I guess if I'm to listen to Fareed Zakaria "The Case for Making it in the USA: Like it or not (and I don't) we need a manufacturing policy to stay competitive," subsidies up-and-down the Keystone XL pipeline should be viewed as just par for the course. Though Zakaria acknowledges the government isn't good at picking winners, he thinks that, overall, public funding of a portfolio of private companies is necessary for the country.
Portfolio or not, I have far less confidence in the ability of our political system to make good choices on who gets public largesse and who goes hungry. Frankly, I'm not all that convinced that the Chinese do it well either -- we don't really know how much they are subsidizing particular sectors, or the opportunity costs of those decisions on other parts of their economy or social safety net. Perhaps time (or trade cases) will make the contours and costs of their subsidy policies more clear.
There are certainly reasons to be skeptical. Japan, after all, used to be the model of government-favored corporate champions leading the country forward. But their protection of favorites has contributed to economic stagnation, slowed restructuring, and thrown up impediments to innovation. Some highly successful companies such as Honda had to buck government favoritism and focus abroad in order to thrive. Still, targeted investments in particular sectors are probably more likely to work in a centralized authoritarian system than in one (like the US) based on political payoffs to every group and frequent shifts in strategy as political dynamics change. The lack of checks on authoritarian systems has a downside however: the targeted investments are likely to be much larger and run longer before being corrected -- making the costs of, and fallout from, mistakes bigger as well.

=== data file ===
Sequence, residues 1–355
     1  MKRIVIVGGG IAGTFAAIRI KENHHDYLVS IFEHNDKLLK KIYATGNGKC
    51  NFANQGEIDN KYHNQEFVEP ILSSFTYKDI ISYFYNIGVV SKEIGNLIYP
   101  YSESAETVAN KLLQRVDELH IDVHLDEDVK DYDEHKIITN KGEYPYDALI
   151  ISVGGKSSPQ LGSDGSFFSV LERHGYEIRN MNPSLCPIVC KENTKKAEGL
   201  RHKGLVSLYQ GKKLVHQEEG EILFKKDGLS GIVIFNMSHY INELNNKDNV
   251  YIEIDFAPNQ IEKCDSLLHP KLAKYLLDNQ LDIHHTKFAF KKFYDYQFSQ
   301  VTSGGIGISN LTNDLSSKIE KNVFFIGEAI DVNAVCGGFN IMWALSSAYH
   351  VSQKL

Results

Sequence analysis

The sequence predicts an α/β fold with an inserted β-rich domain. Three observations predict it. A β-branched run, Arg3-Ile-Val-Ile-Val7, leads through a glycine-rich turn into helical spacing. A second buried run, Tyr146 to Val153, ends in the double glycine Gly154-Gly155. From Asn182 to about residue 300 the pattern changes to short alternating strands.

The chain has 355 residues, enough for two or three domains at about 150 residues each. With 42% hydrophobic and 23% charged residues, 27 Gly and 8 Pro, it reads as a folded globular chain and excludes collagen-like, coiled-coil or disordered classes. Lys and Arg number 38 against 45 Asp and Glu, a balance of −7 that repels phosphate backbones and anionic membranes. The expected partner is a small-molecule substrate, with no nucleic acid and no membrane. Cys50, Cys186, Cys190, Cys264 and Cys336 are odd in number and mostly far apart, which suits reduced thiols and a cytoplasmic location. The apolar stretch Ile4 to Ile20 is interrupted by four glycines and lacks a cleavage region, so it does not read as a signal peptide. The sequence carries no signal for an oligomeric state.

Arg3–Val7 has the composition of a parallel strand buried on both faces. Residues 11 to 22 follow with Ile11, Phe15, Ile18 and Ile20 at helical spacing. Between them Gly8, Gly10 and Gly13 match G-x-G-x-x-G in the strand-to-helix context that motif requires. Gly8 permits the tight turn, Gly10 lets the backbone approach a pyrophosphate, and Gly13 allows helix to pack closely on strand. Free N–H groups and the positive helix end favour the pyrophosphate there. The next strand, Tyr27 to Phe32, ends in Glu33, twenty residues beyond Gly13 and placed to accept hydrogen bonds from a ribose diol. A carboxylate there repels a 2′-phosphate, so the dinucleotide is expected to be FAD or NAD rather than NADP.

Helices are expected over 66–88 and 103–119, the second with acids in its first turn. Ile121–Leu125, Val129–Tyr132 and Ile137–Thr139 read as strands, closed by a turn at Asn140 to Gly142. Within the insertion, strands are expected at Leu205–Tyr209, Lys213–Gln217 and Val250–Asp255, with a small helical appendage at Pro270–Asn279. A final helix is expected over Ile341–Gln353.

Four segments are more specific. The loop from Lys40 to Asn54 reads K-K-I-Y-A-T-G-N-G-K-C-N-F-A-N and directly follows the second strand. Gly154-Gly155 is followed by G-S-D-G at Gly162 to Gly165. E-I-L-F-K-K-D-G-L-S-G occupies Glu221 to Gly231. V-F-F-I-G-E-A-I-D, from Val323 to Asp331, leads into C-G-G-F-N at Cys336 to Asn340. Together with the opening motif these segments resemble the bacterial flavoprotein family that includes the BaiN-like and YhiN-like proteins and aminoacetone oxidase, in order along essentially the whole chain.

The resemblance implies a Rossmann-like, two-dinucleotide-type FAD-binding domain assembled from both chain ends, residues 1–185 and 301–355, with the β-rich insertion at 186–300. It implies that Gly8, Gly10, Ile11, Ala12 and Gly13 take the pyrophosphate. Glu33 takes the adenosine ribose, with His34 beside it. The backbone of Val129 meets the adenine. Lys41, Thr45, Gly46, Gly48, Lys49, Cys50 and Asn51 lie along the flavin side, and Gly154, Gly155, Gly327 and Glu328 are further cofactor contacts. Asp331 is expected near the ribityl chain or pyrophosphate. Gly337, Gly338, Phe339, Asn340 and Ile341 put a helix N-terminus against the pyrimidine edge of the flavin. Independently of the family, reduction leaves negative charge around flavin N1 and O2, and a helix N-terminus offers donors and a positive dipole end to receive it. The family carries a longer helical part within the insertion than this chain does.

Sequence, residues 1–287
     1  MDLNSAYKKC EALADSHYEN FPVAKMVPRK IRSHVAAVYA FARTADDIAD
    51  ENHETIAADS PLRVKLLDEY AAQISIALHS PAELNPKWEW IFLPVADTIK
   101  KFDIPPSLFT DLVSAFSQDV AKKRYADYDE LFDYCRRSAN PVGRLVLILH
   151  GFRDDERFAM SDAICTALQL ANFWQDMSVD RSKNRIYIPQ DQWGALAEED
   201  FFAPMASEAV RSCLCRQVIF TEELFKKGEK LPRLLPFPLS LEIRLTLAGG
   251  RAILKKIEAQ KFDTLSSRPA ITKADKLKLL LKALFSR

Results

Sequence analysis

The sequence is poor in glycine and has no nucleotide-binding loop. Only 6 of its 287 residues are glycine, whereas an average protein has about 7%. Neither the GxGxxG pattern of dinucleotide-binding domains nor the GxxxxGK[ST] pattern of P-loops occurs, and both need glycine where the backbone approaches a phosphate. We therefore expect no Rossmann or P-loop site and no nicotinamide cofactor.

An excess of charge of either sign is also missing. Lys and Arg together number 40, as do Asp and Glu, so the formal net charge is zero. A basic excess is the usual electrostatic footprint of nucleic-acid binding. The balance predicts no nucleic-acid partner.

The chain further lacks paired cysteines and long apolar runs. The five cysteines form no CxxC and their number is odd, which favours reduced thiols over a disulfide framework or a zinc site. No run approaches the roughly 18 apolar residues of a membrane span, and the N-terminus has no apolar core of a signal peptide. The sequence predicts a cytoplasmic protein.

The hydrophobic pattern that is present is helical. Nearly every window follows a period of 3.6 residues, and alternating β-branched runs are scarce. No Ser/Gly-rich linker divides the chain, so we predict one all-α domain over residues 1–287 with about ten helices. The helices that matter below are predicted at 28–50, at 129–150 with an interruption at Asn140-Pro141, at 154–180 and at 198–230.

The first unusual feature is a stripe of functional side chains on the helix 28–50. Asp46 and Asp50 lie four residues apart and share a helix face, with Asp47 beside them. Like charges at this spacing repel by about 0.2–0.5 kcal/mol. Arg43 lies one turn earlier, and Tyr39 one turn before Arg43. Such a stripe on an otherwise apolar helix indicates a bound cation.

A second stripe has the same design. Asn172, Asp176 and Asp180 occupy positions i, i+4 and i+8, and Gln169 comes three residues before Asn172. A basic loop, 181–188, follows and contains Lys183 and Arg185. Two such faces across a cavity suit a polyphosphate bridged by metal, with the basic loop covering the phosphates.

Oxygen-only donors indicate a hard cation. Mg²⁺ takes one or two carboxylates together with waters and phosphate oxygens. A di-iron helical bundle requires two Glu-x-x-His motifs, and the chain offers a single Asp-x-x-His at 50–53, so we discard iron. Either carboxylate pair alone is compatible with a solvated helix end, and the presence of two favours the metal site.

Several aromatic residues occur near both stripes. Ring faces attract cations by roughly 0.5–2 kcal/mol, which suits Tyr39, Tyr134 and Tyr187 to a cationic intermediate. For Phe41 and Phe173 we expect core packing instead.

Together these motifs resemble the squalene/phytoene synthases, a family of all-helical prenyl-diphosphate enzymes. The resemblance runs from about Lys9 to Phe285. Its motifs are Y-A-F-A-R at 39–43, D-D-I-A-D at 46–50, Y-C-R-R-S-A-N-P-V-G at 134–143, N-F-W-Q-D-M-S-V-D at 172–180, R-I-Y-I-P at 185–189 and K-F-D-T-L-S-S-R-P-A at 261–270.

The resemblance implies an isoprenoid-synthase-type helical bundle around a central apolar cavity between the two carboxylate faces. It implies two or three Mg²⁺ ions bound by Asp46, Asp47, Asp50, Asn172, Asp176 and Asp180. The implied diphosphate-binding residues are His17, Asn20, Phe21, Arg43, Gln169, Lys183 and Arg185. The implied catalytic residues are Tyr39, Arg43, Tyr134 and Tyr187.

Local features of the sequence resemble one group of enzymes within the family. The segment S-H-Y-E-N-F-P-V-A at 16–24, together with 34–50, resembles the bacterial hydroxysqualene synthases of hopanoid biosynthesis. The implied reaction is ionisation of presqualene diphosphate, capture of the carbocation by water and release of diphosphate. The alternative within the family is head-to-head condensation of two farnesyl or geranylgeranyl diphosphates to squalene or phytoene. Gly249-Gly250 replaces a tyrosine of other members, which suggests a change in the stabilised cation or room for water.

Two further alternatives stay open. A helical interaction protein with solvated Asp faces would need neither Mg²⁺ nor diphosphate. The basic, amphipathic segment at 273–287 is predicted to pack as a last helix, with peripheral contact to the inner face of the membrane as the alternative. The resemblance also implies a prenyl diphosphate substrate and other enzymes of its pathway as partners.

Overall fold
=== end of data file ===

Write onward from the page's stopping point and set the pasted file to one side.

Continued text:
when you move from high-level policy to specific cases, you will often find one element that is rarely talked about: a foreign government’s role in boosting its domestic manufacturers with specific loans, subsidies, streamlined regulations and benefits. In effect, these governments— many in Asia, though some in Europe as well—have a national industrial policy to help manufacturers.
Industrial policy is already here
Indeed. But couldn't that paragraph describe just as well US energy investments over the past decade? Do a quick query to Good Jobs First and their database of subsidies to specific firms and industrial plants, or a review of DOE's energy loan guarantees, if you disagree.
With the Keystone XL pipeline project, and far too many others, it seems as though our reliance on government handouts has already moved into lead position in terms of what does and doesn't get built. Relegated to second tier is the price mechanism, that supposedly miraculous signaler of scarcity and overstock on which an efficient market economy has historically relied.
And it's not just about the pipeline itself. It's the entire subsidy "ecosystem" of getting tar sands out of Canada, shipped through the US, and refined into products. Subsidies along the chain combine in a perverse, though mutually reinforcing, system of pork and props. The result is we get expensive and complicated infrastructure and machines built that most likely would not have been funded based on market demand alone. The fact that most of the oil from the Keystone XL line, though refined in the US (albeit, not technically so since the refineries are in foreign trade zones), is expected to be re-exported merely adds to the irony.
Refinery expensing adds $1-1.8 billion to the Keystone XL Subsidy System
Earth Track recently teamed up with Oil Change International to look at one part of this subsidy ecosystem: highly favorable depreciation rules. Section 179C of the tax code, "Election to Expense Certain Refineries" was enacted in 2005, though eligibility wasn't extended to projects processing tar sands until 2008. The three refinery projects we looked at (Valero, Total, and Motiva), all in Port Arthur, TX, will receive subsidies of between $1 and $1.8 billion dollars, net present value. You can read the analysis here. Additional background on the projects and their connection to the tar sands can be found in Oil Change's blog on the paper.
When the provision was first put in place, the justification was that the US was under-investing in refining capacity and had too much of its existing infrastructure located in the storm-prone gulf coast. Yet today, the US is exporting ever-larger quantities of refined fuels. By value, fuel was actually the country's largest export in 2011. And the three investments analyzed will do nothing about diversifying our refinery assets geographically to reduce the energy security risks from large storm events -- they are all right in the hurricane zone.